BHP Plans To Shed Around 100 HQ Jobs As Commodities Tumble


SYDNEY, July 28 (Reuters) - Global mining giant BHP Billiton intends to cut about 100 jobs at its Melbourne headquarters in coming years as it strives to lower overheads and streamline corporate operations amid a crash in minerals prices.

BHP has reported double-digit price falls across all of its main commodities in fiscal 2015, which analysts expect will lead to a fall of around 40 percent in profit for the year.

The job cuts will gradually see the number of staff in Melbourne drop to around 300 from 400 at present and a peak of 480, according to the company.

"We expect the number of employees in Melbourne to potentially move to around 300 employees over the coming years," BHP said in a statement emailed to Reuters.

Sky News Australia had earlier reported that BHP planned to cut 37 percent of the staff at headquarters.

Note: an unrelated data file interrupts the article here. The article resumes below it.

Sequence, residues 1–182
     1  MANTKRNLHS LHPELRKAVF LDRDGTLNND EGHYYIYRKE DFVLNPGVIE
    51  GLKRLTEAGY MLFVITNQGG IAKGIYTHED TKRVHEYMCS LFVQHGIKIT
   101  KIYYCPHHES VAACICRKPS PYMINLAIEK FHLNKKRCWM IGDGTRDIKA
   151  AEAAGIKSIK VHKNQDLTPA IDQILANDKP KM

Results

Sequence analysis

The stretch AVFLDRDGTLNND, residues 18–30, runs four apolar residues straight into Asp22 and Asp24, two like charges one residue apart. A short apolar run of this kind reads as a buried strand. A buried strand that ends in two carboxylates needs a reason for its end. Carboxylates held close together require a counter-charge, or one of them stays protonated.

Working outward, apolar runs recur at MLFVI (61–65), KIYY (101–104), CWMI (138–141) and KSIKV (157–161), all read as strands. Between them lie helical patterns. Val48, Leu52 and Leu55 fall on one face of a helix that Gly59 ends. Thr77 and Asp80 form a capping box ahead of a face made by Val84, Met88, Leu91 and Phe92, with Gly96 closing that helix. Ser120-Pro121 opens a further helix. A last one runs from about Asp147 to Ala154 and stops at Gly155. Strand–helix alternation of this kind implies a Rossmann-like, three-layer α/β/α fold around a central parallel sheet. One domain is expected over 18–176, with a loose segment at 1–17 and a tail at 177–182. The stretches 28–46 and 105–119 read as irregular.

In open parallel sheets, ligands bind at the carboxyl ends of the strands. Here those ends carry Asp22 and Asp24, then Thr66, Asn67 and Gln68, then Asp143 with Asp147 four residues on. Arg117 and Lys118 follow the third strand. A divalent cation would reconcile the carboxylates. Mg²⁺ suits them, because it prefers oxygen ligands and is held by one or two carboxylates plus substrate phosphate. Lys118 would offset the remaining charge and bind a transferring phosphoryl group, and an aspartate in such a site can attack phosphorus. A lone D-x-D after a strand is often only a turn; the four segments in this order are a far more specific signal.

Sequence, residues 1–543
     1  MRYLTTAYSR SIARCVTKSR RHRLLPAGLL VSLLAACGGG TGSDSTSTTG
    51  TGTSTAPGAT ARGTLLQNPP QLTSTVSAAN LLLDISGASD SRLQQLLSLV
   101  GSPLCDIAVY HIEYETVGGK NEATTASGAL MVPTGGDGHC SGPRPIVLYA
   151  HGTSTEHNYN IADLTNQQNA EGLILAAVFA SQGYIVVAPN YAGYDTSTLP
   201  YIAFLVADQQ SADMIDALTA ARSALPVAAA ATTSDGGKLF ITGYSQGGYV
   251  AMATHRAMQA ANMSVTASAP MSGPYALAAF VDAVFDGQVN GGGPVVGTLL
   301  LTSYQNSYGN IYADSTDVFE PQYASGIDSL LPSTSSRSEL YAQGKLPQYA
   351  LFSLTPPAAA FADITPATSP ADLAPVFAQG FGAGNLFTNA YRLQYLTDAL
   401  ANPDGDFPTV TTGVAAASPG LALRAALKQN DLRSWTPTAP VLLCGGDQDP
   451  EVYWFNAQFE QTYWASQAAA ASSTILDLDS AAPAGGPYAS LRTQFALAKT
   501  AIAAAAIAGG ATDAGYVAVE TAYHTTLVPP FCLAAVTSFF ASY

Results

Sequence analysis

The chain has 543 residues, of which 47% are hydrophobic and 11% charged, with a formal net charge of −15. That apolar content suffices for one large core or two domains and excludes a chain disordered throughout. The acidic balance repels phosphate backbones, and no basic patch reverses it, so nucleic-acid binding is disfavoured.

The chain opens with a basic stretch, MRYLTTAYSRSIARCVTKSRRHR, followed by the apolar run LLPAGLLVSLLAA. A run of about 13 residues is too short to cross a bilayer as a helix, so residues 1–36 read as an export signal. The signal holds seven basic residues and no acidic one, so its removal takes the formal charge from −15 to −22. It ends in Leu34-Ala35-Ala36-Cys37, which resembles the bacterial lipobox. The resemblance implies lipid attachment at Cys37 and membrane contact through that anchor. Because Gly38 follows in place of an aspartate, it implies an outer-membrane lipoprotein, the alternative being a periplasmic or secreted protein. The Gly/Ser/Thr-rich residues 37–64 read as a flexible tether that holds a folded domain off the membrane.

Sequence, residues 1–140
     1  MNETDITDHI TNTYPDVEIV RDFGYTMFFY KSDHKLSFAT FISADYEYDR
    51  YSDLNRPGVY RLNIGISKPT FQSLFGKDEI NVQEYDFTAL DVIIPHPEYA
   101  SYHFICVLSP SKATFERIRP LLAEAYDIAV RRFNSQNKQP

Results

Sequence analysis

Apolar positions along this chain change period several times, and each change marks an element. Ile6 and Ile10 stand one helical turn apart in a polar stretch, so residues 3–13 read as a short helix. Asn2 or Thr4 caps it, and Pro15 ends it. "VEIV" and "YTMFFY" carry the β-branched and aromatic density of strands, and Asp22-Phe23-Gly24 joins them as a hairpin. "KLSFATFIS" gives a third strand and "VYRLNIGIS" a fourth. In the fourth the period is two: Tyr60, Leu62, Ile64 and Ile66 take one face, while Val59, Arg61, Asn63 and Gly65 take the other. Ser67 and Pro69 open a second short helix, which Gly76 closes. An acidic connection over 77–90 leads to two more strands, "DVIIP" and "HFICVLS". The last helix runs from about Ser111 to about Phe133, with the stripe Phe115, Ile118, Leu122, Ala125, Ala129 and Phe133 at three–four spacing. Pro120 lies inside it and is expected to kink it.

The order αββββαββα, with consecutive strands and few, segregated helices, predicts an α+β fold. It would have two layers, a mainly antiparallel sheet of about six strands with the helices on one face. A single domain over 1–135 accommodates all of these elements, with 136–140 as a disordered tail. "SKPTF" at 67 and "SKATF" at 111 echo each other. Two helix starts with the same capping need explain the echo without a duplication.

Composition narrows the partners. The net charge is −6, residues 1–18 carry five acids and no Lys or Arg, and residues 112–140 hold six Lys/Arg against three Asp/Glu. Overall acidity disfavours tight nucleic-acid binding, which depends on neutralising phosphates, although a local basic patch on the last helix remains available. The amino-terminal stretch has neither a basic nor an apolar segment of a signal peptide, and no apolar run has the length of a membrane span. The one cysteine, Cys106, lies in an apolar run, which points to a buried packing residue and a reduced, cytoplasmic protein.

Fiscal 2015 financial results released on Aug. 25 will include more than $2 billion in impairments on BHP's U.S. shale operations. Rig terminations will mean further losses to underlying attributable profit of up to $100 million.

The flagship iron ore division sold ore for an average of just $61 a tonne in fiscal 2015, down from $103 a year earlier, while the copper business is set to book up to $650 million in impairments.

Overall, BHP is tipped to report pre-tax profit of $13.2 billion for the year to June 30, against $22.2 billion a year earlier, according to Reuters I/B/E/S.

BHP is not the only resources company to tighten its belt.

Anglo American is shedding 1,000 jobs by the end of this year, then 1,500 by the end of 2016 and a further 3,000 later on.

On Friday, Encana Corp, Canada's No.1 natural gas producer, said it had laid off 200 employees.

A survey released on Tuesday by Newport Consulting found 78 percent of mining executives intended to reduce capital spending this year versus 44 percent last year.

"They are fighting back to remain competitive," David Hand, the consultancy's managing director, said. "Some are reducing the number of mines operating as they focus on becoming more efficient and productive."

(Editing by Alan Raybould)


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